Are you Ready for ISO 9001:2015?

Three years in the making, the latest and greatest revision to the Quality Management Systems standard was published on September 23, 2015 as ISO 9001:2015.  It felt like Christmas morning waiting to get the new standard – well almost.  I’ve already purchased my copy from ASQ  for $173 USD and it was immediately available for download as a PDF once the payment processed.  I’m excited to learn more about how ISO 9001:2015 can help organizations improve and deliver value to customers in a variety of industries and markets.  For anyone that is currently certified to ISO 9001:2008, you have a 3 year grace period to become certified to the new standard’s requirements.  This means you have until September 2018 in order to adopt and demonstrate compliance to the new requirements of ISO 9001:2015.  According to a recent webinar with Quality expert Peter Merrill hosted by the ISO 9001 club, 80% of organizations that were transitioning to ISO 9001:2004 did not achieve certification until December 2003 – putting additional stresses on their organizations and registrars to achieve certification at the 11th hour.  Make sure that your organization doesn’t wait until the last minute to roll out ISO 9001:2015 as part of your QMS.  Get proactive and start planning today to identify what resources, expertise, tools, and software you need to make your transition to the new standard as smooth as possible.

Before we get into the details behind what’s changed in the new standard, I want to highlight how easy it is to get caught up in the day-to-day operational activities, without stepping back to reflect on the bigger picture.  What do these standards mean to your customers, employees, suppliers, operations, and society as a whole?  Ultimately, ISO 9001:2015 and other standards and regulations help companies to implement best practices as part of their management systems in a safe, effective, and reliable manner, while minimizing impact to the environment.  This helps companies to focus on achieving bold goals and using certification activities as the impetus to build cultures of continuous improvement and performance excellence.

ISO (the International Organization for Standardization) is no different – it also seeks ways to continuously improve published standards, guides, and resources.  ISO looks after the best interests of the international community to help facilitate global trade.  Revisions to existing standards and new standards are developed and released through the assistance of technical committees, industry experts, and global partners to ensure that quality products and services are provided to global markets safely and efficiently.

With the release of ISO 9001:2015, there are some key changes that will impact organizations currently certified to ISO 9001:2008.  The main items organizations should focus on first as part of their transition to the new standard are highlighted below:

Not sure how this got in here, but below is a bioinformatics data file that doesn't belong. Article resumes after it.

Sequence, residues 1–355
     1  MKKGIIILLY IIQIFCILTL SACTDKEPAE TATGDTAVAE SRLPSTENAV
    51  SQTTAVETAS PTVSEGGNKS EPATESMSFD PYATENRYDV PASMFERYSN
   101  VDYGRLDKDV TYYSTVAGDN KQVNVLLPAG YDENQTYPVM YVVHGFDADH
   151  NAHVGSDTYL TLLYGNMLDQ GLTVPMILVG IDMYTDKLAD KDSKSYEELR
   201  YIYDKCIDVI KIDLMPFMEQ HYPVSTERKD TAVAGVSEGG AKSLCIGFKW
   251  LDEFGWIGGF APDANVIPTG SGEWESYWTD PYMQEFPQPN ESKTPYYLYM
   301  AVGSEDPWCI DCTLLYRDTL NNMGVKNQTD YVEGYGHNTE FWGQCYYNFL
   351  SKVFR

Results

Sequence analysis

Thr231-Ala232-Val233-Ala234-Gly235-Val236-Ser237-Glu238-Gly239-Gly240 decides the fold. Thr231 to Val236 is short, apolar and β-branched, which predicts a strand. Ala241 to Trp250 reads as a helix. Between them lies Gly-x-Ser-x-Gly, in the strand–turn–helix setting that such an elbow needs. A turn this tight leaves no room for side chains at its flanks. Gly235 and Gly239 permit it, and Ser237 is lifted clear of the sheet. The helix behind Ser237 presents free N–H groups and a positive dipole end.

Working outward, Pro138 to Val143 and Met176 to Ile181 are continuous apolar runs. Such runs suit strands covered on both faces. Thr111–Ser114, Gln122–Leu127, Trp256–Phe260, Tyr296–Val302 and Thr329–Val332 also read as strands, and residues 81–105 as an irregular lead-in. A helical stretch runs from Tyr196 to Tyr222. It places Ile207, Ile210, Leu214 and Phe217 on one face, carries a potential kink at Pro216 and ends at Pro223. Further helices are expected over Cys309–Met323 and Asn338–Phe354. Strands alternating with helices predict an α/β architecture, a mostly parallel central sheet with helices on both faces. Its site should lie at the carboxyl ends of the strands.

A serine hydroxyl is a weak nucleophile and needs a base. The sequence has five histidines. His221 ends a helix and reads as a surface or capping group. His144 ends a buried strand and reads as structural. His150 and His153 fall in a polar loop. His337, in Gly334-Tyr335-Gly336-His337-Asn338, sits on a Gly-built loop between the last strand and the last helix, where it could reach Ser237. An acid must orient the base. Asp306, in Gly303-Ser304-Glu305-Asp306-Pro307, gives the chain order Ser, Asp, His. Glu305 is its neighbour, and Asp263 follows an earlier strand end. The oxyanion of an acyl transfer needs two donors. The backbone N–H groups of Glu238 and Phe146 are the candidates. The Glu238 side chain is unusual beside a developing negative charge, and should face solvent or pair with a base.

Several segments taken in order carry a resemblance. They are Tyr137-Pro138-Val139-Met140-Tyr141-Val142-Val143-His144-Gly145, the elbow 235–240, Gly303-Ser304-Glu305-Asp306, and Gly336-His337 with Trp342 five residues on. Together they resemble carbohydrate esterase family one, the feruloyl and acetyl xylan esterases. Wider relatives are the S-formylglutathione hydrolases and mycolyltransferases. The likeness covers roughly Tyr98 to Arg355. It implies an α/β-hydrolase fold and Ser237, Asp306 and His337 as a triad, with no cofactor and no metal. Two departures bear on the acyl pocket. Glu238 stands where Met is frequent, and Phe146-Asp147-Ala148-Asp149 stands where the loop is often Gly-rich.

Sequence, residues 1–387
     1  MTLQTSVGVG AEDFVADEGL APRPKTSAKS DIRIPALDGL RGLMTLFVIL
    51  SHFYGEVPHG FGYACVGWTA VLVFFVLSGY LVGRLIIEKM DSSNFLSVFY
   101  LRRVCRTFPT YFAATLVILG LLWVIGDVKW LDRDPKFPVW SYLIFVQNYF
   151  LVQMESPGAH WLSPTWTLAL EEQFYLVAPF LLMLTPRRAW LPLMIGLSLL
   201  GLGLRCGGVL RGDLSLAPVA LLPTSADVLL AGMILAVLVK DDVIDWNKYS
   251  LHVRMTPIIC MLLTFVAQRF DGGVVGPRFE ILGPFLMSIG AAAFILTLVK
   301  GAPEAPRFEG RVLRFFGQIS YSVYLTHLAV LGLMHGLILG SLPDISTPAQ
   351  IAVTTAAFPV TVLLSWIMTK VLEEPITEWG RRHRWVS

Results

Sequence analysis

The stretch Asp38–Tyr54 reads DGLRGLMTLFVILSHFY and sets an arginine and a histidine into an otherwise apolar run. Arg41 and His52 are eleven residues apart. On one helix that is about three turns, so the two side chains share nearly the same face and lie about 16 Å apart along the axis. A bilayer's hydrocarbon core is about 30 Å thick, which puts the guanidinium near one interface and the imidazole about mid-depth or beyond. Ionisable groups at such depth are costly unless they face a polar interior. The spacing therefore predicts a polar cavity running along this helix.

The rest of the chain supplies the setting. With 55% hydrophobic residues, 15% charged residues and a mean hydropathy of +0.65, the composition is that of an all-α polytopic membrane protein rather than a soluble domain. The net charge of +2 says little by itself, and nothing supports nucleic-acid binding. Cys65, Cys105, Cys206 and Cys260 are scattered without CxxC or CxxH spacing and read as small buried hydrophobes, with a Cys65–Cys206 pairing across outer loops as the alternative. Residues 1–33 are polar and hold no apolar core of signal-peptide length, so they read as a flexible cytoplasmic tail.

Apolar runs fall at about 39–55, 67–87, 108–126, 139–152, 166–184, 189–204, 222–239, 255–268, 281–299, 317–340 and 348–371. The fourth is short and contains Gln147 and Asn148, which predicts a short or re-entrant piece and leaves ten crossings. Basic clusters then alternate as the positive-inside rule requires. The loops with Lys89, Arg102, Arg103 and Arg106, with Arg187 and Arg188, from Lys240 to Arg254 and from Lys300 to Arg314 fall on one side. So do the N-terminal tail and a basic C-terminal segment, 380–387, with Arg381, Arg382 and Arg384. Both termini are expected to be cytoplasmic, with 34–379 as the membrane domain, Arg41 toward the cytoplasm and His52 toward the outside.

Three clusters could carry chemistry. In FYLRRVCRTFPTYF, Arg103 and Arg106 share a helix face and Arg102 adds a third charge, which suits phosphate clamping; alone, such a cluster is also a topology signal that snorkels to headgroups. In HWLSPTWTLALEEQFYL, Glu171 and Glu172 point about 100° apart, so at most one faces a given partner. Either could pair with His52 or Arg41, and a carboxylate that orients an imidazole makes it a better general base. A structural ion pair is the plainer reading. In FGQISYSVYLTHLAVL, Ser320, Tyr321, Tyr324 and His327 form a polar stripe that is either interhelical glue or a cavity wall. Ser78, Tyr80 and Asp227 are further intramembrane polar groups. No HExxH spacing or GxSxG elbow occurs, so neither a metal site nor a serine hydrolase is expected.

• Introduction of Risk-Based thinking
  • Requirements for “Documented Information”
  • Harmonization of clauses across ISO Standards (ISO 9001: 2015, ISO 14001: 2015)
  • Organizational Knowledge, which is now a prescribed requirement in clause 7.1.6

Risk-Based Thinking:

The introduction of risk-based thinking in ISO 9001:2015 puts an end to the confusion that historically exists around whether an action is corrective or preventive.  If you identify the root cause of the problem and take appropriate action to prevent recurrence, is that action a corrective action, a preventive action, or both?  If you take immediate action to contain a particular nonconformance to prevent it from reaching your customers, is this action merely containment that is part of your corrective action plan? The new version of the standard provides clarity by replacing Preventive Action with Risk-Based thinking.  In this regard, Risk-Based thinking will require organizations to identify risks that could impact the outputs of processes and the QMS based on nonconformances, audit findings, controlling changes, continuous improvement initiatives, among others, and implement mitigation plans.  Cross-functional teams in organizations can review identified risks to determine their appropriate response.  They will decide whether the identified risk will be avoided (take a different approach completely so the risk no longer exists), transferred (a 3rd party becomes responsible to manage the risk), mitigated (controls are put in place to minimize the impact or probability that the risk event will occur), or accepted (believe that the probability the risk event occurs is so low that the organization does not need to mitigate the risk).  Risk-Based thinking enables the firm to take a longer term view and incorporate this approach as part of their planning activities rather than purely reacting to events as they occur.  Organizations that are able to do this successfully can move away from firefighting and towards performance excellence.

Documented Information: